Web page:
Jeff, If you don't know; The piston must be positioned 1/4" down the cylinder past top dead center and a feeler gauge inserted between the valve stem and tappet. Intake should be .005 to .007 exhaust should be .009 to .011, That is with the valve springs removed and holding the head of the valve in place with your thumb while checking.

If they are too tight you must grind a little material off the valve stem, But go SLOW and don't take too much off and exceed the max limit and grind them as flat as possible.

If you did check the clearance what did you get ?

06-09-2007, 10:54 PM
This is something I've never understood, they all talk about TDC and how important it is,
no doubt, but WHICH TOP part of the stroke is it?

On a 4 cycle engine, these are the four things that happen:
Intake, compression, ignition, exhaust (and this repeats itself).
And that goes DOWN UP DOWN UP (in the above order).
Notice the two UP's...

So, are there not TWO instances where the piston will be at TDC:
Once at the very end of the compression stroke and right before ignition,
and again at the very end of the exhaust stroke and right before intake.

So, could it be you got the wrong tdc, or is this not important?
Wouldn't it affect which valve opens when?
Would this explain why your fuel gets shot back out the carb and the exhaust is sucking?

If this happens to be the solution, would someone care to educate repair manual makers over this, and get these fools to explain this crap to the layman once and for all, rather than just saying "Well it has to be tdc huhuhu" or is it just assumed that if you're this smart then you're smart enough?

Because above explanation aside, I don't get it because how do I know?
As of now and for many years, if a repair involves TDC, I don't touch it.

06-09-2007, 11:22 PM
Well EXCUSE me Mr. Topsites, I tend to leave a word out once in a while. Must be Ole age catching up or something. :cry:

ALL valves are adjusted on COMPRESSION stroke !

This is how my sentence should have read; The piston must be positioned 1/4" down the cylinder past top dead center compression stroke.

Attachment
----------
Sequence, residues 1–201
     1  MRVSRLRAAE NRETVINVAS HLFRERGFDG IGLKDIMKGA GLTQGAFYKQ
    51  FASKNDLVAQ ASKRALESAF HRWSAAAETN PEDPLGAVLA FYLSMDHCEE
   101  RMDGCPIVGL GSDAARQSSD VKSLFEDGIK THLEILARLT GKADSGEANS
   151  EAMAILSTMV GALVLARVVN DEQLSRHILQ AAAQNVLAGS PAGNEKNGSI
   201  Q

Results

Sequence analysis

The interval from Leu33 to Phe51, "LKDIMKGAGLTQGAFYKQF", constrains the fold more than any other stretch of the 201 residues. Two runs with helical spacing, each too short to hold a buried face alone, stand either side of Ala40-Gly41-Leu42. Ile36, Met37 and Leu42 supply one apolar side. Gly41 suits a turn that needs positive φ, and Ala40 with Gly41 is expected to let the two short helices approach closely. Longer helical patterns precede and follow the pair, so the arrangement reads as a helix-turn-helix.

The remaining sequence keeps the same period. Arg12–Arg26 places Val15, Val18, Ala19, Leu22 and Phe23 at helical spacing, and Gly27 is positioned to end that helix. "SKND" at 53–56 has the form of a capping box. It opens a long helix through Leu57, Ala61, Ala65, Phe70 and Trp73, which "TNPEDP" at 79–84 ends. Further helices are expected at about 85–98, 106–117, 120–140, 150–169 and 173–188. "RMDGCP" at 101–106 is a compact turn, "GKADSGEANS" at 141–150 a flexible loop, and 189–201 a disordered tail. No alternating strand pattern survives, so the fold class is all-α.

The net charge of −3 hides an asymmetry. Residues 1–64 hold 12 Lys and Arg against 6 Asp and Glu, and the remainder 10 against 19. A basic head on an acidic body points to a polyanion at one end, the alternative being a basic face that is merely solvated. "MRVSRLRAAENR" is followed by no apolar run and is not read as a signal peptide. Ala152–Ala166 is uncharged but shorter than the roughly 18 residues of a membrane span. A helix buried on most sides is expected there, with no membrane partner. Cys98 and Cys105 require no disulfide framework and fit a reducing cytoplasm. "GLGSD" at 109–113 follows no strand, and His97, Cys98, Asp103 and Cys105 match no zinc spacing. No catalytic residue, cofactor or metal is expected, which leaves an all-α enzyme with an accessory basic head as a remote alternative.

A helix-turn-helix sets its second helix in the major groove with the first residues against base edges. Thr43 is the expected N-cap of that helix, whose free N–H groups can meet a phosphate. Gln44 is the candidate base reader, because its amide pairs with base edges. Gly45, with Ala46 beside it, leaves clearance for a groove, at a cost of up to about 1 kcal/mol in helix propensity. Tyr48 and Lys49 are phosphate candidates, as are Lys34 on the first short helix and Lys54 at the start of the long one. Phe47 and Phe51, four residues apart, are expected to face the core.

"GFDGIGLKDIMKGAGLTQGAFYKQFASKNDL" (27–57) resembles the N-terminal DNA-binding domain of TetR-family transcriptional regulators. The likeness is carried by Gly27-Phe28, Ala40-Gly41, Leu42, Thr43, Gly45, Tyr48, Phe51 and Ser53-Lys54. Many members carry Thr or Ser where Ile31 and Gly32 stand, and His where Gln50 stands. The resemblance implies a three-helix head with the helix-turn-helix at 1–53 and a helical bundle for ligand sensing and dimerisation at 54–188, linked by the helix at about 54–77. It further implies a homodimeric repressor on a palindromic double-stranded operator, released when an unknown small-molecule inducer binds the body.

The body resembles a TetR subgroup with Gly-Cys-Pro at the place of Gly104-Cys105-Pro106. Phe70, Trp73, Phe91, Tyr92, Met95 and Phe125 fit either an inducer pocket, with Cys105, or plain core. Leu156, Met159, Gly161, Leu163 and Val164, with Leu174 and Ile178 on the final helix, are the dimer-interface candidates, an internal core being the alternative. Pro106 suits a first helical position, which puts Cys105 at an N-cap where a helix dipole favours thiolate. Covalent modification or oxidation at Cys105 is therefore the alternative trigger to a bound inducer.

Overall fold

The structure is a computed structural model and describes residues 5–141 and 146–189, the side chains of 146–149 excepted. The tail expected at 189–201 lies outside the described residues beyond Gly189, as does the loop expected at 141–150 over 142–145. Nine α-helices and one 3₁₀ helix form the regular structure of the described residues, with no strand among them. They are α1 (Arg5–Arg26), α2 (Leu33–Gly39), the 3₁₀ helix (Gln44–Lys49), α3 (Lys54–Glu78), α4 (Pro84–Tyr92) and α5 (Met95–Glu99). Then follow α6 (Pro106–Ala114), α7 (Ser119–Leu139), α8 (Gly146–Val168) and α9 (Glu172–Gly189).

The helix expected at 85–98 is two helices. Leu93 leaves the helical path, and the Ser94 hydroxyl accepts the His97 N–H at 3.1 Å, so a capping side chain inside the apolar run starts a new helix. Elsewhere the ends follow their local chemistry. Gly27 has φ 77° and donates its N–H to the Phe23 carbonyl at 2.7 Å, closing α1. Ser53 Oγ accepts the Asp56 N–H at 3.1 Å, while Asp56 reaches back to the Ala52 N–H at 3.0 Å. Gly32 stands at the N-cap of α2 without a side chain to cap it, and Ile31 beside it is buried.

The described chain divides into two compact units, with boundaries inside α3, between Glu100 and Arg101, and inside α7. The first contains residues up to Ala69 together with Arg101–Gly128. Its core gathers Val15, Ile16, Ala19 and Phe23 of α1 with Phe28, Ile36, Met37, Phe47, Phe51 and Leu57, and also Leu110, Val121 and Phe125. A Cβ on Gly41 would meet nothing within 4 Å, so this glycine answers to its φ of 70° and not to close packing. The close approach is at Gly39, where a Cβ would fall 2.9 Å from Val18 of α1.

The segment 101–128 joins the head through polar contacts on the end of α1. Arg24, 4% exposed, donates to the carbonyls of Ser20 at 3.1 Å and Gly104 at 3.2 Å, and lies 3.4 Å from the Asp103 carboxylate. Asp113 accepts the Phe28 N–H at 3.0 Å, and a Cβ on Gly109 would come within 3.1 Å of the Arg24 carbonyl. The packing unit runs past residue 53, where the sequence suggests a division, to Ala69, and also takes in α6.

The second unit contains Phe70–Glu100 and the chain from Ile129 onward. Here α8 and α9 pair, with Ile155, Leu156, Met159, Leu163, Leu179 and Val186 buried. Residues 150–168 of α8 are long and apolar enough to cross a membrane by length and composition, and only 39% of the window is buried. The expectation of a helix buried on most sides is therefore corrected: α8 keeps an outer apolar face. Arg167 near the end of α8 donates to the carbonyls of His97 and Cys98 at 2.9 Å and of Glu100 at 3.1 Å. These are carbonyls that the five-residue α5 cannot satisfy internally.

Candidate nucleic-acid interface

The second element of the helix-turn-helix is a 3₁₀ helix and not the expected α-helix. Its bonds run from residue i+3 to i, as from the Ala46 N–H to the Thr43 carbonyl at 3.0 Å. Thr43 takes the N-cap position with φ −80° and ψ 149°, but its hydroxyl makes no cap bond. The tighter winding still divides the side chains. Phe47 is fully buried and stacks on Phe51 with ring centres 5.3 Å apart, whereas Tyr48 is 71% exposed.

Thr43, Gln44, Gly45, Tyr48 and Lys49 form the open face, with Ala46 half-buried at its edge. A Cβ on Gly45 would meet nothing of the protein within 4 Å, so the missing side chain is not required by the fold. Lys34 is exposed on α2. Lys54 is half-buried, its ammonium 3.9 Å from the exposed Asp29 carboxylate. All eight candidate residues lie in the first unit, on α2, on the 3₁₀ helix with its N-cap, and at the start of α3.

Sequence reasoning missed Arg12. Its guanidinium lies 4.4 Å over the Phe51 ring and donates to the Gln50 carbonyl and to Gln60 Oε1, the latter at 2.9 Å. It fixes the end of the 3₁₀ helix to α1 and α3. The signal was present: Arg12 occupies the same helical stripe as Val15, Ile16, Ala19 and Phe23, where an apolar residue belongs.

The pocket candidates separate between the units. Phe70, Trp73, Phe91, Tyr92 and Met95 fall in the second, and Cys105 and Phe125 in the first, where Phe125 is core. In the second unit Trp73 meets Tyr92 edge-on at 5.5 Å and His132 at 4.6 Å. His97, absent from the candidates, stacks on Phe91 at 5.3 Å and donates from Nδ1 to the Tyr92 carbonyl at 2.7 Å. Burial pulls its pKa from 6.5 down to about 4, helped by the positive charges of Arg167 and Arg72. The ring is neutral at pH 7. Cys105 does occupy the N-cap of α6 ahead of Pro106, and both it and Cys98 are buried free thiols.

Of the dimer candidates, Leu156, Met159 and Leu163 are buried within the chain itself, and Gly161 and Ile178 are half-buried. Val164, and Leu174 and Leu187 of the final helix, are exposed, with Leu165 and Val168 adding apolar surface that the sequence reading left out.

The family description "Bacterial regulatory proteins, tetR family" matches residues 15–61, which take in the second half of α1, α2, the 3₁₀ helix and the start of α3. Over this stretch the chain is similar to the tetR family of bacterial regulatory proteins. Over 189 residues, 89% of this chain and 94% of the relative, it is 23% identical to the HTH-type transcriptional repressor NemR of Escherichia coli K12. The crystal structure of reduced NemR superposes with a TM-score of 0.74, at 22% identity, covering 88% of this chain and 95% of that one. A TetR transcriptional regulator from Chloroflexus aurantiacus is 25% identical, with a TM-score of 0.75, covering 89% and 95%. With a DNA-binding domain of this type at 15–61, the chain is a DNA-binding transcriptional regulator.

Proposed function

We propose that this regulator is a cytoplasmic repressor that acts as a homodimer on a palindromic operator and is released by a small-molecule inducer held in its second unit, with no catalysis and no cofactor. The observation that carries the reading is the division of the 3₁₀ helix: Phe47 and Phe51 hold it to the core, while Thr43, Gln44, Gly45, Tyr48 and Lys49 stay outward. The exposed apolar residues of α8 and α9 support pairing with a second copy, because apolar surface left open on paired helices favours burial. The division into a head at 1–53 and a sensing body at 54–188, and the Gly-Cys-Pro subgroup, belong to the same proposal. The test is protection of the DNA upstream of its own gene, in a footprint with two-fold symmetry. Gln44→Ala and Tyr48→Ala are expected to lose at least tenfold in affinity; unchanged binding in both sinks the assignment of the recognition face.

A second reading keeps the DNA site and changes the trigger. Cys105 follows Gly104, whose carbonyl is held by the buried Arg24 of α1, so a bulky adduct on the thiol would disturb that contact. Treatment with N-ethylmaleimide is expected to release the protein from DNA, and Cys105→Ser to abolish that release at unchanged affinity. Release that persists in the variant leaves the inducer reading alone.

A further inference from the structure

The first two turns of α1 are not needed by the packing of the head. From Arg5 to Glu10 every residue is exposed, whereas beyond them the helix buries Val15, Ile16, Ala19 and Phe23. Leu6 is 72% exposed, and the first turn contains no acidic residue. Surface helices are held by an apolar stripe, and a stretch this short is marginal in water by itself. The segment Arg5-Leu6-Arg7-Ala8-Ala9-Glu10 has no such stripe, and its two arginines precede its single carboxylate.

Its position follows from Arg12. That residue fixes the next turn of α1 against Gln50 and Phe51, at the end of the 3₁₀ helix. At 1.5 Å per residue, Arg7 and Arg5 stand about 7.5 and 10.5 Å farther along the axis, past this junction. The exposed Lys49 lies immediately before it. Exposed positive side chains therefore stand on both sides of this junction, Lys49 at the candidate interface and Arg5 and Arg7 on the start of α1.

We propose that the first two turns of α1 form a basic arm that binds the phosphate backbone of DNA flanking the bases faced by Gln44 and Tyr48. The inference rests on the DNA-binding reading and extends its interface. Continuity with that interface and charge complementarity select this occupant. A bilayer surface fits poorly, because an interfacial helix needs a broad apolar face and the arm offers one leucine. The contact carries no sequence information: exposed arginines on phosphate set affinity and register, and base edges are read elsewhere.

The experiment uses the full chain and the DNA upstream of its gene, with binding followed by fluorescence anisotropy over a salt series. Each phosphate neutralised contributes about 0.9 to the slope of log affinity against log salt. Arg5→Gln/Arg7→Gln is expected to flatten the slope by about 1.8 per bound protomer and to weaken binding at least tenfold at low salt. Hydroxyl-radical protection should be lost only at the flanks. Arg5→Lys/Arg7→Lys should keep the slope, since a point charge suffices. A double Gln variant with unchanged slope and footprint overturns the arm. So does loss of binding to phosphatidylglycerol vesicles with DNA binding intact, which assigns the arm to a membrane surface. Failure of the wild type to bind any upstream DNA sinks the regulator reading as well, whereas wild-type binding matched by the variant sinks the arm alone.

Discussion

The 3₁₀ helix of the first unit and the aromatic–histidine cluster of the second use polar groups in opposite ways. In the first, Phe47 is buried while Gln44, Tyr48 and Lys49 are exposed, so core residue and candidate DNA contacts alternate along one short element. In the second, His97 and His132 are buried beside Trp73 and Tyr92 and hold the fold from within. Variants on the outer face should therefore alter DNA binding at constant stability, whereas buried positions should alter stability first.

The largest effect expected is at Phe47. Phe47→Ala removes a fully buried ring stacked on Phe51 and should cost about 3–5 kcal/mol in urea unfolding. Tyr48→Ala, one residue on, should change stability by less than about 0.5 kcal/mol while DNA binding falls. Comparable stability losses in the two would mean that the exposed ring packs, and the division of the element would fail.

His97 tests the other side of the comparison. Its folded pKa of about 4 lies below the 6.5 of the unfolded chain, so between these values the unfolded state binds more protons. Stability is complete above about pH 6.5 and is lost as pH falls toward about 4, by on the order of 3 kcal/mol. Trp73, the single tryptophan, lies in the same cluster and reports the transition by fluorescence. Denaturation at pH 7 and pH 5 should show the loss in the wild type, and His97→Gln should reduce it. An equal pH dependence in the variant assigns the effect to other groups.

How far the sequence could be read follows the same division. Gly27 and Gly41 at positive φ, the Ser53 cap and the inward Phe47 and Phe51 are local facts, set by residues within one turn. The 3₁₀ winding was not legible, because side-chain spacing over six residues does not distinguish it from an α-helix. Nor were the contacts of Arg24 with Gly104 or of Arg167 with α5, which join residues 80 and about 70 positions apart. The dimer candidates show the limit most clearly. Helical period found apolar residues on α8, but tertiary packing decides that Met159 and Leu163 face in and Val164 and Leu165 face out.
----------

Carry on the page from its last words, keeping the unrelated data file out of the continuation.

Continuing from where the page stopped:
Sorry for rocking your boat !

06-09-2007, 11:39 PM
A picture of the timing gears is attached, with the dots aligned. I assume the 'dot' on the cam gear is the little dimple and not the big hole about a third of the way around the gear.

I don't have a service manual. I've never had one of these apart this far until a few days ago. On a positive note, I've gotten really good at removing the motor from the mower and getting it apart. I can do it in 5-7 minutes now.

As for the valve lash, I did not check it when I had the valves out, but since the the motor was running fine until I replaced the connecting rod, I don't have any reason to believe valve length is an issue. I bought the mower new and have never had any trouble with the motor until now. Also, I inspected the end of the valve and both ends of the tappet when I had the valves out and there was no noticeable wear. There was also no evidence the valves had receded into the head. Since it was such a pain to get the valve spring retainers back in (I don't have a valve spring compressor), I'm trying to avoid pulling them back out. If it turns out I really need to check the lash to rule that out, I will go by the auto parts store and get one of their loaner valve spring compressors tomorrow.

I've always understood TDC to be on the compression stroke when both valves are closed.

Thanks for all the help.


06-10-2007, 12:03 AM
The timing marks are fine, Why did you replace the rod ?

06-10-2007, 01:22 AM